Film Review – The Mortal Instruments: City of Bones
The Mortal Instruments: City of Bones
In the quest for the latest, greatest female-driven-based-on-a-young-adult-novel franchise, Cassandra Clare’s book City of Bones, the first in her Mortal Instruments series, takes its turn in the theaters. (Thus the name of the movie, The Mortal Instruments: City of Bones.) After the success of Twilight and The Hunger Games—and factoring in the relative failure of films like Beautiful Creatures and The Host—movie makers are finally coming to the conclusion that teenage boys might not be the only ones driving ticket sales at the box office. More content is being directed towards women and girls, and that’s a good thing. Fangirls deserve a little love, too. (Not to mention that we have money and would like to spend it on the things we dig.)
Directed by Harald Zwart and written by Jessica Postigo, The Mortal Instruments: City of Bones tells the story of Clary (Lily Collins), who seems like an average teen. When she witnesses a murder which no one else can see and finds herself drawing the same arcane symbol over and over again, she realizes that something weird is going down in New York. Her mother, Jocelyn (Lena Headey), also notices something is up, but gets distracted when two men break into their apartment looking for “The Cup.” They kidnap her and Clary is left to discover her destiny with her best friend Simon (Robert Sheehan) and mysterious hot guy Jace (Jamie Campbell Bower). Turns out Jace is a Shadowhunter, part of a mysterious group of warriors who hunt and kill demons. They also are looking for the cup, since the Shadowhunters have become few in number, and said cup can be used to create new recruits. Clary’s journey to find her mother and the cup take her to some unexpected places, where she learns about her relationship to the Shadowhunters, as well as her place in the world.
I entered this screening with a positive mindset and a willingness to be entertained. I like Young Adult books and movies and really enjoyed Twilight (for reals) and The Hunger Games, and was willing to let this movie be awesome. It is awesome, but maybe not in the way intended by the filmmakers. I’m not saying that it is so bad it’s good, but I will say that it might only be good for a certain audience. It’s stylish, with a fast-paced story and a bunch of really attractive people wearing cool clothes and fighting demons. At no point did I get bored during the 130-minute running time, and I am a person who feels that 90 minutes is just about long enough for any story. Unfortunately, the plot is just one cliché after another. I felt I knew where things were going just by virtue of having seen a movie before.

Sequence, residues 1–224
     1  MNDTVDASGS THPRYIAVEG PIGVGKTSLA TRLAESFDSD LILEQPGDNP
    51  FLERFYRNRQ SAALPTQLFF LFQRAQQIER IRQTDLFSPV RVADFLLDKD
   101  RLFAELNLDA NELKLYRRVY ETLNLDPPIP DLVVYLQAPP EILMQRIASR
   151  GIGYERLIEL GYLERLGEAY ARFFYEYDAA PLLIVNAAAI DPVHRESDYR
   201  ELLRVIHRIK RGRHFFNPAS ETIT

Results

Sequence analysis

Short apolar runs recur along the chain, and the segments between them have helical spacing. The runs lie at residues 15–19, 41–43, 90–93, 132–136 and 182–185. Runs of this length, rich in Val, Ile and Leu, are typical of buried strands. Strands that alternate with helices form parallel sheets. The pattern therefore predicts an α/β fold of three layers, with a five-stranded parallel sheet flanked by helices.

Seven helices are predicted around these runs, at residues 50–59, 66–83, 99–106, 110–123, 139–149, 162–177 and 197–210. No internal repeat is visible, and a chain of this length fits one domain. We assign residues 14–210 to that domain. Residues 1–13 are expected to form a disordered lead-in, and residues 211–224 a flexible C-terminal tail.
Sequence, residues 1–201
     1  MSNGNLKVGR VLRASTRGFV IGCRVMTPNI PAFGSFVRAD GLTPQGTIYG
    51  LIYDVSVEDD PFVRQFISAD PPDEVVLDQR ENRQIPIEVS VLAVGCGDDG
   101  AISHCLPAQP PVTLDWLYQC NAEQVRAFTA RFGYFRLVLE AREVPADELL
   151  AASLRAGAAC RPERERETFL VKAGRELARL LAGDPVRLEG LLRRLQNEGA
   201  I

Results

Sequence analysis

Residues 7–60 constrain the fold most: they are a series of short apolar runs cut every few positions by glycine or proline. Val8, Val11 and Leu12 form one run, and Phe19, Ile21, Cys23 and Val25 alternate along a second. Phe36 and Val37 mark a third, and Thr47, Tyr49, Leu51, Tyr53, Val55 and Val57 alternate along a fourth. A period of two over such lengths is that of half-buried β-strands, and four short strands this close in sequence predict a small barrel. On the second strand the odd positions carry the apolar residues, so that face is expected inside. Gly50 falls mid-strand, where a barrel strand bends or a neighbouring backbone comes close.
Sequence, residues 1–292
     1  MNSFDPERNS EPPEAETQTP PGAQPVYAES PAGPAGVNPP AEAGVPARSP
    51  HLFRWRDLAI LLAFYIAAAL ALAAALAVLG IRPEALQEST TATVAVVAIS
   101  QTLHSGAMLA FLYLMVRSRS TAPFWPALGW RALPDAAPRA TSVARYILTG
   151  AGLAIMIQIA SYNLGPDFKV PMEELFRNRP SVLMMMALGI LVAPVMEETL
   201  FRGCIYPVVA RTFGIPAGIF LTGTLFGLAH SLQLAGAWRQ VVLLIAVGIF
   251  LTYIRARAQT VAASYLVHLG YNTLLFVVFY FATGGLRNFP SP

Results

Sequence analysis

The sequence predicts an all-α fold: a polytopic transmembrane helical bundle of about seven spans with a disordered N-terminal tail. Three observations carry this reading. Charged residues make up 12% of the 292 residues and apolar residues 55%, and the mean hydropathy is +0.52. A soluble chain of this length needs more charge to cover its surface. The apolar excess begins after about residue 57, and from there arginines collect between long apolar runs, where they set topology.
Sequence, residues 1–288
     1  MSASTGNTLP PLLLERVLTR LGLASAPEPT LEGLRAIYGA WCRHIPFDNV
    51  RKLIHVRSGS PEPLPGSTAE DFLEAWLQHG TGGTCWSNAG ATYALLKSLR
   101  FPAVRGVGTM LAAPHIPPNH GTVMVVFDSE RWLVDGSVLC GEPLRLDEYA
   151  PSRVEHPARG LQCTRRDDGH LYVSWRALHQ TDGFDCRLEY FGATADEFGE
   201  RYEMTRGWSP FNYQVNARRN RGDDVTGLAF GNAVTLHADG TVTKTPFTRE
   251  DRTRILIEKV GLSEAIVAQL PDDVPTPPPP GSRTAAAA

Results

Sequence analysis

I am a long-time science fiction and fantasy fan, and the reader/viewer always has to make a leap of faith when jumping into a new world. I found it hard to enter this universe and accept its premise because it was handled pretty poorly, with exposition taking the place of storytelling. A lot of money was spent here to make it look good, and that was what eventually helped me get into things. But an expensive set should not take the place of a good script. Doctor Who has always been a cheap-looking show to me, but—until recently—I’ve always been able to enjoy it based on the quality of the writing.
The main problem here, though, is the characters and the required love triangle. None of the people in this movie have more than the barest outline of personality: there is a plucky girl, a brooding warrior, a protective mother, and a love-struck best friend. That is about all the personality given to anyone. Which, in a plot-driven film, can be okay if the story is handled well. Here we have some cool-looking people fighting some cool-looking demons for stakes that we really don’t care about. And if this were all the film was, I guess that would not be too bad, but then they had to add in the romance. Because the characters have no personality and therefore no reason to fall in love, the filmmakers rely on a very strict, very obvious formula to make things happen. I am in no way kidding or exaggerating when I tell you that every time there was a romantic scene on screen, the audience laughed out loud. Every time. Because it was just all so silly.
But, if I were a girl aged 12 – 16, I might really enjoy this. It’s fun to look at, and if I was a Mortal Instruments fan, I might have a good time. (I have not read the books, so I am unsure how fans are going to accept the adaptation.) The female characters get to kick some ass and wear thigh-high boots; who doesn’t want to do that? It’s completely ridiculous, but I’ve seen way worse movies made with much less honorable intentions. It’s bad, but sometimes it is so bad, it’s amazing.